my mom – I have yet to see her not follow through with something. She doesn’t make promises she can’t keep and she doesn’t ever forget any single thing she said. She must have an elephant’s memory or something. It’s me who forgets stuff, but never her. So yeah, whatever she says, she will follow through with it, and if she does change her mind about something, she always explains to me why and makes sure I’m gonna be okay with it. Crazy, but that’s her.

  • To listen

my mother – she didn’t think I had to say anything worth listening to. “You shut up” was her standard response, even when later it was “why didn’t you fucking tell me?!” when I would have actually had something important to say. So no, she didn’t listen very well.

my mom – yeah, she listens. Even to stuff I don’t say or don’t want her to hear. She even keeps on listening when I run off at the mouth and swamp her in verbal diarrhea. She alerts me to my nonsensical nonstop talking and tries to get me back on a more normal track, but even so she listens, if sometimes with a pained smile.

  • To protect and to keep children safe

my mother – she didn’t protect me any. Not from my step-fathers abuse, not from anything. She was threatening and dangerous herself.

my mom – yes, she protects me. She enforces rules that protect me. She knows many of my triggers and takes them into consideration when we plan something. She even doesn’t allow other people to mess with me. She also makes sure I feel safe around the house. That she is a safe person, my safe person, is probably the most important thing about her. I feel safe when she’s there.

  • To help the children internalize skills such as trust

my mother – not at all, the only thing I learned from her was to trust nobody and nothing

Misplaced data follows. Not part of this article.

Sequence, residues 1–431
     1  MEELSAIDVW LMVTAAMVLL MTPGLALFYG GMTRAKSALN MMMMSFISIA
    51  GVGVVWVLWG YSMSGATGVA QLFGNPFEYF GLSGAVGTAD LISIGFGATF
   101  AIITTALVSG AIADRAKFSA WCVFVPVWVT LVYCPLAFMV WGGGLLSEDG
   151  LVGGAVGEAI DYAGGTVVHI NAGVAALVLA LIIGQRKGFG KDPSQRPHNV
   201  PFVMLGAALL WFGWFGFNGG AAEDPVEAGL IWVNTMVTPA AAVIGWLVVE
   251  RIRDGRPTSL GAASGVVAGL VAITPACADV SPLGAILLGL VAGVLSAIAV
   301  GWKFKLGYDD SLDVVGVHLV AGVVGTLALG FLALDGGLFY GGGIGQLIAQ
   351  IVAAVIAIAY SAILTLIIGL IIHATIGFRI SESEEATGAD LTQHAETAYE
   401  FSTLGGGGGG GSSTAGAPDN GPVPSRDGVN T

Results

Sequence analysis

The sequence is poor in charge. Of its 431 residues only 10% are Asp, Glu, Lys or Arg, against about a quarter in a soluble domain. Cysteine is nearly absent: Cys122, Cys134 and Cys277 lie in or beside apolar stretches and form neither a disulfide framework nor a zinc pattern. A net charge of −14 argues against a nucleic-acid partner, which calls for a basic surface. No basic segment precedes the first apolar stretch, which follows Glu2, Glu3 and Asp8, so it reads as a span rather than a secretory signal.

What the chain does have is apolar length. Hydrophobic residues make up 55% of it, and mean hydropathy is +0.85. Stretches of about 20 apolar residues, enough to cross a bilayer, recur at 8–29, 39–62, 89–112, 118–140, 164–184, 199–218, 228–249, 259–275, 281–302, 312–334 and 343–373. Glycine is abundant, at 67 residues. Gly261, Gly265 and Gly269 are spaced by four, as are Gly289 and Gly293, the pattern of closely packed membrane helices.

my mom – we’re working on trust every single day. We discuss it, she makes a point of being trustworthy and she encourages me to trust others and helps me figure out what makes people or situations trustworthy and what doesn’t. So while I’m still nowhere near having internalized it yet, I hope I’m getting there.

  • To help children feel safe by instilling self-confidence and use of adults

my mother – the only thing she instilled was self-hate, low self-esteem and a belief that adults are dangerous and other people are out to get you anyway

my mom – she tries her best to improve my self-confidence by showing me how to be successful at doing things and by encouraging me to try out things and calling to my attention the things I am good at. And with the safety, I already wrote about that. I use her to feel safe a lot.

  • To provide unconditional love

my mother – she didn’t know what love was, much less unconditional love, unless maybe for my stepfather. She loved him like he was the best person ever, whatever weird reason for. But other than that resentment and hate was her thing, not love.

my mom – I almost don’t dare write it out, so as not to jinx it, but I think she does love me unconditionally. Of course she disapproves of it when I behave in a bad way, but she still loves me. I don’t always feel it – no, actually, I often don’t feel it, because I can’t believe it – but she says she does, and acts like she does and I’d like to think that she does. I feel a little bit safe enough to believe it, too. Sometimes.

  • To provide consistency, predictability, reliability

my mother – no consistency, predictability and reliability at all, except for negative stuff. That always came.

my mom – very consistent, predictable and reliable, even when I try my best to force her into giving it up at times

  • To be aware of and open to what the child needs

my mother – she was only aware of herself and what she needed

my mom – she’s often aware of what I need before I even know that I need anything. She talks about my needs and taking them seriously and giving me what I need all the time, too. Way more than I wish she did, sometimes, but that’s the side of me talking that wishes I didn’t have any needs at all. So it’s good she does it.

  • To provide the basic needs

my mother – she used food, clothing, warmth and shelter as things to manipulate and punish me with. Letting me stand outside in the cold, not giving me food etc. were her ideas of “fun” sometimes.

my mom – she provides for all basic needs. There’s always food, she makes sure I eat enough, she makes sure I wear appropriate clothes that keep me warm and all that.

  • To pass on traditions, culture, prayer

my mother – I don’t know if she even had anything she could have passed on